RICHMOND, Va. — Sporting a suit and tie, Kevin Lacz looks every part of a buttoned-up businessman. But in his past life, the 40-year-old was more comfortable in attire of a different sort — the uniform of a warrior.
In September of 2001, the Connecticut native was enrolled at James Madison University.
“9/11 occurred. My friend’s father Bruce Eagleton was killed in the World Trade Center,” said Kevin.
Following the terrorist attacks of September 11, Kevin’s life took a drastic turn with one decision at a recruitment office.
“The door of opportunity opened literally,” described Kevin. “The Navy door was open. Walked in. Saw a SEAL poster on the wall. I knew that was it.”
In 2002, Kevin left college and joined the U.S. Navy. His sights were set on being the best. The Navy SEALs.
Months of brutal air, land and sea training lay ahead. Only 15% of would-be SEALs succeed. Kevin endured.
“It is the most fun you never want to have again,” said Kevin.
He would become a member of the Navy’s vaunted SEAL Team 3. “It is something that challenged me like nothing else in my life,” said Kevin.
In 2006, Kevin’s team would be deployed to Ramadi — the epicenter of the insurgency during Operation Iraqi Freedom.
“We would get time-sensitive targets where they would pop up and ‘Hey, you got thirty minutes. Be there. We’d wake up in the late afternoon and plan the cycle and operate at night,” said Kevin.
As a sniper, medic and breacher, Kevin and his team would be sent on highly classified and dangerous missions. It would be the first of two deployments to Iraq for the sailor.
“For me, that is why you get paid. That is why you join. That is why you do your job,” explained Kevin.
He would eventually leave the Navy, but the SEALs never really left Kevin. His real life experiences would lead him to an unexpected role in Hollywood.
During the production of "American Sniper," the film’s director, screen legend Clint Eastwood, urged Kevin to play himself in the movie.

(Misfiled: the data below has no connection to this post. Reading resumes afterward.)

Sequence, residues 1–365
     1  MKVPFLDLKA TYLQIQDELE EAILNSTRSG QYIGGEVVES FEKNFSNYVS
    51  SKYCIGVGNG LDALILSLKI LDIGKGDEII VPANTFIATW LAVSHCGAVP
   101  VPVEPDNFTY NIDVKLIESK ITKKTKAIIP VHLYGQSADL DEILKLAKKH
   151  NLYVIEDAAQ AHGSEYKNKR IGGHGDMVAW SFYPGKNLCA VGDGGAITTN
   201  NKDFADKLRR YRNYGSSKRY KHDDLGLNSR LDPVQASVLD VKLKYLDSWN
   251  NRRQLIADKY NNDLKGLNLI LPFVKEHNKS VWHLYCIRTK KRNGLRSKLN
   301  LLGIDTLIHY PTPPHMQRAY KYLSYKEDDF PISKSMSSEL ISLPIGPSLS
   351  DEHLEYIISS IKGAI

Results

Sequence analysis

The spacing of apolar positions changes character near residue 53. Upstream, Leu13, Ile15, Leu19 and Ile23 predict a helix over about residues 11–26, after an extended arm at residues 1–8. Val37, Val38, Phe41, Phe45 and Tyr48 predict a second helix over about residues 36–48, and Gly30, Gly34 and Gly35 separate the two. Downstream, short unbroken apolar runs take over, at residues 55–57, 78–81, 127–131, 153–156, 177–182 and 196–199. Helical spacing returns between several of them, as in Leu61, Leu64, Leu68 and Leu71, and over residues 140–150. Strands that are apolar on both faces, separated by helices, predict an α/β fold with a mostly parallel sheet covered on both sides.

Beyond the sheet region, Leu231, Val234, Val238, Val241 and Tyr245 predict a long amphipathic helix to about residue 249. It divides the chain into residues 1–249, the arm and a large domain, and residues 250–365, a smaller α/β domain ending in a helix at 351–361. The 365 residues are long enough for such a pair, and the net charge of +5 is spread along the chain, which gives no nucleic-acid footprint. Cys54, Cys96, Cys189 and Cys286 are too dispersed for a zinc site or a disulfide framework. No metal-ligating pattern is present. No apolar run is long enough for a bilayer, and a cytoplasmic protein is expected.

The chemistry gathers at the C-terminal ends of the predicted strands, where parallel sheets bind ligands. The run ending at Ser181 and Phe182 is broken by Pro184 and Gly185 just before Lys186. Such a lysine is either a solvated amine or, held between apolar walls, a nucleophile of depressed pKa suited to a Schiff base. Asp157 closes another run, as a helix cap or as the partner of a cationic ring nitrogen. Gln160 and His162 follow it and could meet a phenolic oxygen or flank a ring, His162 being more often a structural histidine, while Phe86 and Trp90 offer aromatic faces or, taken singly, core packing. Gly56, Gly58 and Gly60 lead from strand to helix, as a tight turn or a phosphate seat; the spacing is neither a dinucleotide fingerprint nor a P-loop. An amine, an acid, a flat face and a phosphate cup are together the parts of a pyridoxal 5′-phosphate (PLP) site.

“Clint said, ‘Kid is damn good. Get him a job.’ That is how I ended up on American Sniper. Two weeks in Morocco filming and technical advising. It was a wild story. It was crazy,” said Kevin. “To sit there in Morocco and be at the bar and Clint elbows up to you and drink a beer and says, ‘What’s up?’ It’s like really? It was a great experience. I never thought I would be in that experience. Who would?”
The film, which details the life and death of SEAL Team veteran and Kevin’s friend, Chris Kyle, was nominated for an Academy Award.
“Chris was an average guy in the platoon. He had an extreme talent working a bolt-action rifle at extremely long distances,” said Kevin.
Kevin said as a technical adviser, getting it right on the big screen was essential.
“My job was simply to help out where I could and make it as authentic as possible,” said Kevin.
Recently, Kevin returned to Virginia where he appeared as the keynote speaker at the Boy Scouts gala in Richmond.
“Leadership is an active word,” said Kevin. “You have to actively lead and teach others. I enjoy that role and service is definitely high on my priority list.”
Kevin works as a physicians assistant in Florida helping veterans, law enforcement officers and active duty military to reach their physical best.
“I don’t think I’d be as good as a father, provider as a business owner as a person, if I hadn’t had those experience because they made me work,” says Kevin.
Kevin Lacz. A SEAL Team member whose selfless service to others and his nation led him from the classroom in Virginia 20 years ago to the hell of war and on to Hollywood and back.
“To be a good person it is learned behavior. You have to be a good role model. You have to serve others and be an example.”
Kevin Lacz is married to Lindsey Lacz, who hails from King George County. The couple has two children and live in Pensacola, Florida.
Kevin is the author of the New York Times Best Selling Book, “The Last Punisher,” which details his experiences in the battle of Ramadi.
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